Faced with a rapidly deteriorating pool and plummeting attendance, the Jefferson City (MO) Parks and Recreation Department began investigating the possibility of building a new aquatic facility. They approached the facility design process cautiously. By using the steps outlined in the Enterprise Plan process, they were able to create a world-class family aquatic center that is bringing in visitors by the thousands.

After completing an extensive engineering study, officials asked engineers to develop a series of wide-ranging conceptual designs for them to consider. Design possibilities ranged from a bare-bones concept that would simply restore the pool to its 1948 condition, to a complete make over that would alter the entire shape of the pool and introduce new amenities. Construction and cost projections were laid out for each scenario so judgements and adjustments were easier to make.

Next, a feasibility study helped to analyze the needs and desires of the community. This market research considered elements such a programming opportunities, attendance, cash flow and revenue and expense projections for the newly operating facility.

The final design included a modified 50-meter pool with water walks, play features, fountains, sprays, slides and lap lanes; a 200-foot water slide; a water spray waterfall; a separate baby pool; a renovated concession areas; and new decking, piping and recirculation equipment.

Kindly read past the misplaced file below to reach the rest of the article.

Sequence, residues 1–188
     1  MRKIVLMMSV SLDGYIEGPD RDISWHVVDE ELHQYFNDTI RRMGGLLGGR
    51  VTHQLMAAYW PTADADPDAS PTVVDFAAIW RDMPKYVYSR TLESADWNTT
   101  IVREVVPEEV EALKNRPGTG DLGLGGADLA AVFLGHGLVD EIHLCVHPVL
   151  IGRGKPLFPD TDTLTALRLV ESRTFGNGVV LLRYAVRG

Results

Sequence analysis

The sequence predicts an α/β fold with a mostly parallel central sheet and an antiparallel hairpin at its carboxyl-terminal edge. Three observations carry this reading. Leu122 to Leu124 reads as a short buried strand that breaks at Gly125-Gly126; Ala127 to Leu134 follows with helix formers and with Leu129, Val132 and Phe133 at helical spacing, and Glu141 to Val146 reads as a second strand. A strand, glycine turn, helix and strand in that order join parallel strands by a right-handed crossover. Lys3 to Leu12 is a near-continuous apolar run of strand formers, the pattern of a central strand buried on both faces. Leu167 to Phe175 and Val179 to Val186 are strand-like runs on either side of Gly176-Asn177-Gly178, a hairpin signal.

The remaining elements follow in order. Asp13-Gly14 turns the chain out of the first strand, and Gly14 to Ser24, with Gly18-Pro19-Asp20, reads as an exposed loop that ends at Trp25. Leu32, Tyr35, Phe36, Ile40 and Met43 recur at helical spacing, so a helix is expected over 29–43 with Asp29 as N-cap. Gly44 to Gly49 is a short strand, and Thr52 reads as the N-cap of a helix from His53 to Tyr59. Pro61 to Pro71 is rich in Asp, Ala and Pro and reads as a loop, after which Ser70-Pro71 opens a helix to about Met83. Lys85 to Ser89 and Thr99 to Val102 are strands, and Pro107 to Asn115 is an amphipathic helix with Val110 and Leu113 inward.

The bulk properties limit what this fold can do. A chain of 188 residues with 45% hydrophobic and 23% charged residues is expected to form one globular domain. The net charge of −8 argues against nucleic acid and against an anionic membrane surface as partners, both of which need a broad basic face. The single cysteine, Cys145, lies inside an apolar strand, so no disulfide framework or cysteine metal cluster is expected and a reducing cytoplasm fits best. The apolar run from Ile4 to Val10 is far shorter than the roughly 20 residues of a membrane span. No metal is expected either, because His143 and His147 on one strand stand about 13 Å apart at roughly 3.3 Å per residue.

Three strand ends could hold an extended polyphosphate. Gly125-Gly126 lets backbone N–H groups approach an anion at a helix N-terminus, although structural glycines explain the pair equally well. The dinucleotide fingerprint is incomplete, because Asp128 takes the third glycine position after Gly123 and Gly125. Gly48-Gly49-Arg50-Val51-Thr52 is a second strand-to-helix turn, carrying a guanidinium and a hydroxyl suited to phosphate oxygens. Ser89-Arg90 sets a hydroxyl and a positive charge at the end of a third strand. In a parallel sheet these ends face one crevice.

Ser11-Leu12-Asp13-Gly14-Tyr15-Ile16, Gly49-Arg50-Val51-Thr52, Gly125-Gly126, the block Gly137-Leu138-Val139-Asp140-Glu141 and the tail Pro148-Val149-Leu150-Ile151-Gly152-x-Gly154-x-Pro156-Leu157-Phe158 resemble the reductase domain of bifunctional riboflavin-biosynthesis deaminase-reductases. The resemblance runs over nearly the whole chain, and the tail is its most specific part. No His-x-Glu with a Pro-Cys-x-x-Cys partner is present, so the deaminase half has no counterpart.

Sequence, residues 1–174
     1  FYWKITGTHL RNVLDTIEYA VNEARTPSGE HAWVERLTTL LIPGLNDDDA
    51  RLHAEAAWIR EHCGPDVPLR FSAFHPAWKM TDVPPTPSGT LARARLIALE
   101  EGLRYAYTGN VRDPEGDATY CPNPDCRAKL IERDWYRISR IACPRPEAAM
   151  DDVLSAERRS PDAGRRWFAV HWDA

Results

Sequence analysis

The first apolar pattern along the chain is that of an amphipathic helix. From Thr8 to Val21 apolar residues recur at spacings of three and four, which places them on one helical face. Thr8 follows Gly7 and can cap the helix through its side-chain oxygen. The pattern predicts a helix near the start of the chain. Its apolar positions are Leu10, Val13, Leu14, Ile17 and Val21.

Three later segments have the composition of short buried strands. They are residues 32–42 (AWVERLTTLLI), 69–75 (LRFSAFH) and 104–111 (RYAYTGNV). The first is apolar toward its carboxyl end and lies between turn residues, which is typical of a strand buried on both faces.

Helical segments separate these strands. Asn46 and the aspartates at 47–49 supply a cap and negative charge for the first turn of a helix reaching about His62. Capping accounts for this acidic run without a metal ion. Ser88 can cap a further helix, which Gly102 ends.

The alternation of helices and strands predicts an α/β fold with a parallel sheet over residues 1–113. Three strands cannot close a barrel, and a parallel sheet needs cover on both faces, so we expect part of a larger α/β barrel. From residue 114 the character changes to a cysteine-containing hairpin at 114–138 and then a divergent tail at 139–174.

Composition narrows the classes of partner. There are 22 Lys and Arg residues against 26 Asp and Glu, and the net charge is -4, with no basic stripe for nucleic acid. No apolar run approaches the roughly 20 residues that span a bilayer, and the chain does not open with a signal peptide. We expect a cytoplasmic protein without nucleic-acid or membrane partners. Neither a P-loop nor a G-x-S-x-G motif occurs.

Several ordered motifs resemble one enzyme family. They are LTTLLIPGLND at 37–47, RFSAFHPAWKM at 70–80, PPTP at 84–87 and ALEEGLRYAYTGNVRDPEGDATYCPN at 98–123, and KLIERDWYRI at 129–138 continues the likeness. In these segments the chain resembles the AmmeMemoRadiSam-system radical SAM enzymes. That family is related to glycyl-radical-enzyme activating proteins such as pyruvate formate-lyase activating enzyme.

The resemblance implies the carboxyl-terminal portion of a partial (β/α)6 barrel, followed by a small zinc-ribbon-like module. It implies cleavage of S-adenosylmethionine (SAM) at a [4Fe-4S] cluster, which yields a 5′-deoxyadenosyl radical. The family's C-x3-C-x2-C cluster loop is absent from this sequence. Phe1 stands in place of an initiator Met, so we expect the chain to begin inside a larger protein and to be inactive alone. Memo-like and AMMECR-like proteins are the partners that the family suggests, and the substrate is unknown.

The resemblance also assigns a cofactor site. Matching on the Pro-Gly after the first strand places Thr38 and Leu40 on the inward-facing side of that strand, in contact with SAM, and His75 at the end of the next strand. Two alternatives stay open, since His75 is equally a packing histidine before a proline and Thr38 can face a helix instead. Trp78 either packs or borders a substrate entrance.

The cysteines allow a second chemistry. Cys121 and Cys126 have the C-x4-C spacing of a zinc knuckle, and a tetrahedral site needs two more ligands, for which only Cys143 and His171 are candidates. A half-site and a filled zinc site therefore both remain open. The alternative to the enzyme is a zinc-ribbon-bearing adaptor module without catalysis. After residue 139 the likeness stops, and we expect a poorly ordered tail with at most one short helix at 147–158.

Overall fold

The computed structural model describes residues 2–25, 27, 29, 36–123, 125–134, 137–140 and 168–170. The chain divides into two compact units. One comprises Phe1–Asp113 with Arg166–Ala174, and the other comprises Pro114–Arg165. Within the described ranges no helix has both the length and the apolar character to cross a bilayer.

After following a similar procedure, officials at North Richland Hills (TX) Parks and Recreation made the bold move into the municipally operated water park industry. Since its completion, the $7.8 million NRH2O facility boasts more than 150,000 visitors each summer.

Market analysis and feasibility studies helped recreation officials and designers create a family-oriented park that integrates attractions and activities for everyone. The park offers a leisure pool with water play structures, kids slides, sprays, log walk, and lily pads, a water playground, a wave pool; and an action river tubing ride. The entire area was designed as “park within a park” and includes green spaces, intricate landscaping and dry areas. Initial exit surveys indicate that the park is a great success.

Thornton, CO

Serving the Denver area communities, the new recreation center offers flexible aquatic programming with an indoor wave pool and separate leisure pool. The overall concept includes something for everyone.

Granite City, IL

In developing a new aquatic complex, the park district agreed upon a flexible design offering both recreation and traditional amenities. The basic eight-lane, 25-yard configuration grew to include zero beach entry, water sprays, body slide and teaching stations.